Aquatic Adventures Whale Tales S27:W3

February 4 – February 11, 2017

Week Three of our 27th Season  

As we arrived at the Silver Bank for week three of the breeding and calving season we saw plenty of surface activity from the mother ship and felt confident it was going to be a great week. And we were not disappointed, with tranquil sleeping whales, fast paced rowdy groups and everything in between!

Photo Credit: Tammy McCorkle

Photo Credit: Tammy McCorkle

Photo Credit: Tammy McCorkle

Photo Credit: Tammy McCorkle

On the second day we found three adult whales together, a female and two males, an escort and challenger. The trio were very calm, resting and slowly traveling, however when we came closer the female turned to us and appeared to be more interested in our tender than her suitors.  She would circle the tender, rolling on her back, spreading her pectoral fins and gently slapping at the surface with her fins and fluke. We were treated to some close up views of her tubercles (modified hair follicles all over her head) as she slowly raised the tip of her head out of the water in a behavior called spy hopping. Spy hopping is most likely done to gather information via a whisker-like hair in each tubercle and this curious, seemingly playful whale was as interested in us as we were in her.  At one point she even opened her mouth and showed us her baleen! The two males were also very calm, allowing our guests and guides on both Aquatic Adventures’ tenders to rotate in and out of the water and observe the trio as they gracefully maneuvered around each other and our boats. It was almost as if the female enjoyed the noise or vibration of our engines because she returned to circle one of the tenders over and over again resulting in a fascinating and intimate encounter for more than three hours. The escort and challenger stayed close by and rather than pushing the female away and battling for her attention they seemed content to wait for her as she indulged in the happy cries of our guests. Often when a female humpback is seen with more than one male whale, the males are competing to be chosen as a mate resulting in a high energy rowdy group that’s great for surface activity photo opportunities but not for an in-water encounter. So our guests this week were very lucky to experience such a relaxed set of whales, and have the rare chance to enter the water with them.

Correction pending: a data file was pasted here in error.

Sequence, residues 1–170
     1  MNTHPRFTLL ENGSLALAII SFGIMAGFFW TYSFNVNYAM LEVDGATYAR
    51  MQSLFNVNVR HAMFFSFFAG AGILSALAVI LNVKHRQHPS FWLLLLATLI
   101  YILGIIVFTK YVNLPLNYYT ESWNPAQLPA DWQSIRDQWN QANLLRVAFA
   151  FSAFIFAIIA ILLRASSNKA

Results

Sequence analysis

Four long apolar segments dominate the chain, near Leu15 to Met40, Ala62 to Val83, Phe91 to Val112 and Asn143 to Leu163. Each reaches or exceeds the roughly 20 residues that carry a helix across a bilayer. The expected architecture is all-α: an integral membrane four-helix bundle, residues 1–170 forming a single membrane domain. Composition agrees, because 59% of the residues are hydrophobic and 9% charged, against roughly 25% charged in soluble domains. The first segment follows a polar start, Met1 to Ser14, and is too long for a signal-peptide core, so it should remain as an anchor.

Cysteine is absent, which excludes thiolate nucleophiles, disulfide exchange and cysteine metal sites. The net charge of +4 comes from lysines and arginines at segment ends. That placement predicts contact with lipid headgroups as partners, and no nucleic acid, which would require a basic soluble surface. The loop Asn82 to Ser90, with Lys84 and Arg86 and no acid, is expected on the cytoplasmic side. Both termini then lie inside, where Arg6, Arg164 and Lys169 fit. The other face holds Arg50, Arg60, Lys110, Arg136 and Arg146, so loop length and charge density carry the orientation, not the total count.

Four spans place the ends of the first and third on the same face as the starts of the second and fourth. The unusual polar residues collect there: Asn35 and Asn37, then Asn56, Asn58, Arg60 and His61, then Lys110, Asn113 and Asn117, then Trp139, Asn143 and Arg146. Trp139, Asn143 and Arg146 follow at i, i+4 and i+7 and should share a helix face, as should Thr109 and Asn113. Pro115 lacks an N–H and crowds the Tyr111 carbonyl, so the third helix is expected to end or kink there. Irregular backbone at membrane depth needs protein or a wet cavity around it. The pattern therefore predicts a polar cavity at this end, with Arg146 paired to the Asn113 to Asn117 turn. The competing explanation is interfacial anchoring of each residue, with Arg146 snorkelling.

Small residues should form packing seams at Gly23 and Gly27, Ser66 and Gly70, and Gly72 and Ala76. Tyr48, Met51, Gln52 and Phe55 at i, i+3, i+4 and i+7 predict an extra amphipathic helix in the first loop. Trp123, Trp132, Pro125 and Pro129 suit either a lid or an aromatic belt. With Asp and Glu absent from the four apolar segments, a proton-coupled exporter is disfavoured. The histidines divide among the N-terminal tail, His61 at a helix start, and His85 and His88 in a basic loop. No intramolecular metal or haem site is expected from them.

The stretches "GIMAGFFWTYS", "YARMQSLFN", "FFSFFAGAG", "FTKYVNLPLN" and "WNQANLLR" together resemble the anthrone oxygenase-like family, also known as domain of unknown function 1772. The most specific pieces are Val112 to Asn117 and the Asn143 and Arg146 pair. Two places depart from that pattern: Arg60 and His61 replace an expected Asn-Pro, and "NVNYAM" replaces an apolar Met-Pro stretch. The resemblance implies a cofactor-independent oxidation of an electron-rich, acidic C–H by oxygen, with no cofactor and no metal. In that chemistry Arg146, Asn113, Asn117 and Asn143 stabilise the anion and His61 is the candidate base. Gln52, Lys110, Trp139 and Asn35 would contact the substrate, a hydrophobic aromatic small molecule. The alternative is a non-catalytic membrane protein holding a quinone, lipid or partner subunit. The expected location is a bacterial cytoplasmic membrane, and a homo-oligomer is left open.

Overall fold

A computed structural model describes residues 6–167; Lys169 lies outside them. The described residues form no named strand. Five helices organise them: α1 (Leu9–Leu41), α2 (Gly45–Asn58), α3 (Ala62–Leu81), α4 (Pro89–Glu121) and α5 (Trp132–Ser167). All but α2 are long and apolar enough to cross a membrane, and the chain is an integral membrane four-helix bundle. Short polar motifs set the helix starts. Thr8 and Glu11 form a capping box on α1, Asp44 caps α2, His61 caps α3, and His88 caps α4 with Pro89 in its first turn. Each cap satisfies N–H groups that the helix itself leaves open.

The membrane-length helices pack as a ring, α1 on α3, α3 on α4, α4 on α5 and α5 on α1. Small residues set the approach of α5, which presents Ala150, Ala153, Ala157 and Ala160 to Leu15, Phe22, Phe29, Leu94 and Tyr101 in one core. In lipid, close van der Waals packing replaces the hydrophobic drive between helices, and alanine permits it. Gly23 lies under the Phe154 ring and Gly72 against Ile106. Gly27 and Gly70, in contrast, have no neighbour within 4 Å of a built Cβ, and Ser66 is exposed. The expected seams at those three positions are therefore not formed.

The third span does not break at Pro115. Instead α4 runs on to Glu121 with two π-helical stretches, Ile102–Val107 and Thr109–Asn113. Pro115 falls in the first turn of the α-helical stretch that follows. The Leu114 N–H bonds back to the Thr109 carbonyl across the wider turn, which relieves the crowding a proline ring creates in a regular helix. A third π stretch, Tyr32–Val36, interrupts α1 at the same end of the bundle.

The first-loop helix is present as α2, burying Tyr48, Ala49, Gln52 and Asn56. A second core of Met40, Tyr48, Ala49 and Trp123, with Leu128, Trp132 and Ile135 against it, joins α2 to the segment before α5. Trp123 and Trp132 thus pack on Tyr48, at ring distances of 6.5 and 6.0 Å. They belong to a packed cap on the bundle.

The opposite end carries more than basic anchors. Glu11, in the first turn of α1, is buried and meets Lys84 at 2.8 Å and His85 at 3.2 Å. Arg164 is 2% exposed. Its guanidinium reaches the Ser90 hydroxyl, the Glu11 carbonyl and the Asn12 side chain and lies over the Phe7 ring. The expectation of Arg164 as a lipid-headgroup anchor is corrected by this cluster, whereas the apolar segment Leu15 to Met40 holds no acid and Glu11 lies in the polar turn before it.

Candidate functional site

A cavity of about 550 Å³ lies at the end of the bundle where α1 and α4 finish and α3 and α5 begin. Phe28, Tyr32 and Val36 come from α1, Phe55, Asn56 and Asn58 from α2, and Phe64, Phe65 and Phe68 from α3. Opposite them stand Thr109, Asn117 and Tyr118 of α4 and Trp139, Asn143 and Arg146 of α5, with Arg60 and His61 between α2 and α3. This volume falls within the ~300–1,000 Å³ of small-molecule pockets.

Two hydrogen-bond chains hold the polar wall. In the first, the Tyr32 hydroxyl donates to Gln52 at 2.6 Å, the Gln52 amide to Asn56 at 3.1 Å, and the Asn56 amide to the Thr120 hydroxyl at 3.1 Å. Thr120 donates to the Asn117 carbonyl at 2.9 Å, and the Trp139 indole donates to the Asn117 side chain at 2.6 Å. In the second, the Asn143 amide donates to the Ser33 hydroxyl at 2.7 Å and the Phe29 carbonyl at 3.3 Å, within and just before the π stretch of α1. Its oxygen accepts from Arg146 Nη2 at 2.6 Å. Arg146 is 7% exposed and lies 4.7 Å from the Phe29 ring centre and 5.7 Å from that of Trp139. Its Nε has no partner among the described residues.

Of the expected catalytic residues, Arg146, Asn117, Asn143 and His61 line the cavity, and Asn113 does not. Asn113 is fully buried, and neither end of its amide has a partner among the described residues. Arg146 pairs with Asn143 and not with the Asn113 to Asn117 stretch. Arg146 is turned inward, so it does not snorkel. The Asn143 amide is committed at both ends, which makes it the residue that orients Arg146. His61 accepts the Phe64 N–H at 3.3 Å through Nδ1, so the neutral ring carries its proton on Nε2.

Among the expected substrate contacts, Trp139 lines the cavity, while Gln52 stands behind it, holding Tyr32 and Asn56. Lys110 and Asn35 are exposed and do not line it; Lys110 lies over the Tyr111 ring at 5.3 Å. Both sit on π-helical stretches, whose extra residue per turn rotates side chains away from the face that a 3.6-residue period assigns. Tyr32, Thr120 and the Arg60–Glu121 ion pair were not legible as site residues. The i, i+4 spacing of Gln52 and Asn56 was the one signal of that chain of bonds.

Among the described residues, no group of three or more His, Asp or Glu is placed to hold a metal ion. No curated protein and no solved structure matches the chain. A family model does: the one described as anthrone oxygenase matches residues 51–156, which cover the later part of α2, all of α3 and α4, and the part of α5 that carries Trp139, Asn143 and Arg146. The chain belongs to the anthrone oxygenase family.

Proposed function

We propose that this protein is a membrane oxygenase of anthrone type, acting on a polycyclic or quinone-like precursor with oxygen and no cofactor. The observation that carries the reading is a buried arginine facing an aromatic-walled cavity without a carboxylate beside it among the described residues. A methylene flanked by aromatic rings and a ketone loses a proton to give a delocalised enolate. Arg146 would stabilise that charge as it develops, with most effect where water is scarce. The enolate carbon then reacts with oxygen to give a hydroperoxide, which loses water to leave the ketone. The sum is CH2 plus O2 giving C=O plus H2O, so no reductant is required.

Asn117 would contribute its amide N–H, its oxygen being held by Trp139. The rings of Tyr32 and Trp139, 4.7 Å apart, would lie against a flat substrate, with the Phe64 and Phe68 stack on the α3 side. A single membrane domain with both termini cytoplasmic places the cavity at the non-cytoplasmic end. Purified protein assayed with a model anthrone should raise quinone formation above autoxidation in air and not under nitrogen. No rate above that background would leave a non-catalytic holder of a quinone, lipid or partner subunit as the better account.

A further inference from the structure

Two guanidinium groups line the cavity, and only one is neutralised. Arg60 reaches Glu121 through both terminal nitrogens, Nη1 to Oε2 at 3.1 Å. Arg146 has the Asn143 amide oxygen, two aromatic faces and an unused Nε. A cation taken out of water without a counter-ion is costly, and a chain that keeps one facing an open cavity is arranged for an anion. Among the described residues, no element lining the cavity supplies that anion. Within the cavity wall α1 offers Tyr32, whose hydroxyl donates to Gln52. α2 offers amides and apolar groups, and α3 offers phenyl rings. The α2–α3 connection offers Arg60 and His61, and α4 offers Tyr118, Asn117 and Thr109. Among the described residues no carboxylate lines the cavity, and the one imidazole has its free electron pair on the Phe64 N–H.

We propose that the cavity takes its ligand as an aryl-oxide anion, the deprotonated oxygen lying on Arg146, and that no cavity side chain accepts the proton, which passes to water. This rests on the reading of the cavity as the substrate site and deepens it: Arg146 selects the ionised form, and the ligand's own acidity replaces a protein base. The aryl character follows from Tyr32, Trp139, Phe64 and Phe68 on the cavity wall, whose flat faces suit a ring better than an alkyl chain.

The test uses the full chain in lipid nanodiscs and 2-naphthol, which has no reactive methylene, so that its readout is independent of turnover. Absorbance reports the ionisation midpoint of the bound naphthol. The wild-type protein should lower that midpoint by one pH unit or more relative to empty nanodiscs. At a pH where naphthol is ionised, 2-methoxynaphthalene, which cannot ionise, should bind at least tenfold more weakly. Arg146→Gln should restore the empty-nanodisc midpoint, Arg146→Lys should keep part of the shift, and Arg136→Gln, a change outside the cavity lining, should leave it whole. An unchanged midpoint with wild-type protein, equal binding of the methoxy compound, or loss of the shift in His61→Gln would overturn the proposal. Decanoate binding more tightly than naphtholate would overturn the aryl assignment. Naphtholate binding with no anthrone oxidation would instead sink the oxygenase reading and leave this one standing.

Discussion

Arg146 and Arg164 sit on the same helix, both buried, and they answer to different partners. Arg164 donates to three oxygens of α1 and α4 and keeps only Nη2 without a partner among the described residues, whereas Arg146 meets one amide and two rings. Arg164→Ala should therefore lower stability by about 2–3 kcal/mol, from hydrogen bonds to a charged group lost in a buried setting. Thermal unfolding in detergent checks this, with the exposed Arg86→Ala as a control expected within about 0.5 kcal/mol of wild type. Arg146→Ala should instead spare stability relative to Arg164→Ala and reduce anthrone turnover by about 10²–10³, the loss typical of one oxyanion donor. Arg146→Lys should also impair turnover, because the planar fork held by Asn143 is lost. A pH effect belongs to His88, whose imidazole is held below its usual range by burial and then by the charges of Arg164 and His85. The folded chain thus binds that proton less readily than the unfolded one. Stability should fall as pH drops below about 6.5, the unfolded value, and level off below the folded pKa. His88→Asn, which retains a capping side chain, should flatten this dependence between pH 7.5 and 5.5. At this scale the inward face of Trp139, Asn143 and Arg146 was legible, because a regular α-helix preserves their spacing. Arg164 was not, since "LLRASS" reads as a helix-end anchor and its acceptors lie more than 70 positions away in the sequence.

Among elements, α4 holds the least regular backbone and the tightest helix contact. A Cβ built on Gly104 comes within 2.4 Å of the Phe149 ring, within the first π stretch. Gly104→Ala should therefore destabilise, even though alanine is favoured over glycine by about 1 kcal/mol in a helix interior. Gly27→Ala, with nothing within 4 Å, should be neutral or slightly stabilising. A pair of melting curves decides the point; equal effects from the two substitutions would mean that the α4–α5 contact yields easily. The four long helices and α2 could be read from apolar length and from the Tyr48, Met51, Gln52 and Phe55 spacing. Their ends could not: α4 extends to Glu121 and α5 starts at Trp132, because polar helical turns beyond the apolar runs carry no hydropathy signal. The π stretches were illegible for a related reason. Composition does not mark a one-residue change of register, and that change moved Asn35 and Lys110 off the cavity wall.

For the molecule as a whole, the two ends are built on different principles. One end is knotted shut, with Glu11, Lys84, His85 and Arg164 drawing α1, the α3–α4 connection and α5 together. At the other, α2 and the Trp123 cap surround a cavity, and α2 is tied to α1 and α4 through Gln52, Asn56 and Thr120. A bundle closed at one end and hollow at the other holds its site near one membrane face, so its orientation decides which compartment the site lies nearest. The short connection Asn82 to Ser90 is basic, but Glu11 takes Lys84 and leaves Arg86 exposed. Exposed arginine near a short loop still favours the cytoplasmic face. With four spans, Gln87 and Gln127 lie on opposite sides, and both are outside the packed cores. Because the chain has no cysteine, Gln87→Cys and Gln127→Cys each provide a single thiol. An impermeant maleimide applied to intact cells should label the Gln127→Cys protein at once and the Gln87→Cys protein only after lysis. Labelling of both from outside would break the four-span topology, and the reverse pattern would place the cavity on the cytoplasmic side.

Photo Credit: Tammy McCorkle

Photo Credit: Tammy McCorkle

As the season goes on we are seeing more of this kind of flirtatious behavior between males and females as they choose their mates. Later in the week we came across another group of adult whales where the calm female was clearly controlling the tempo of the encounter. This time the female was initially with just an escort but they were soon joined by a challenger, then another and another, and another! Even though the males showed interest in the female they weren’t in a rowdy mood and we were able to get in the water once again. This time our snorkelers floated above the female as she rested under our tender with her tail up and head down and watched as the males made perimeter checks, circling her and our guests at the surface. To be in the water with this many fully grown humpback whales really was an awe-inspiring experience and for an incredible two and a half hours each tender took a turn to be with the whales. Then the female seemed to rouse and began fin slapping and moving faster, spurring the males to display to her their less sensitive side and show her who would be the strongest mate. More rowdy behavior ensued with bubble streams, trumpet blows and tail slashing. We certainly got out of the water but the excitement didn’t end there and we enjoyed the surface activity for a while longer.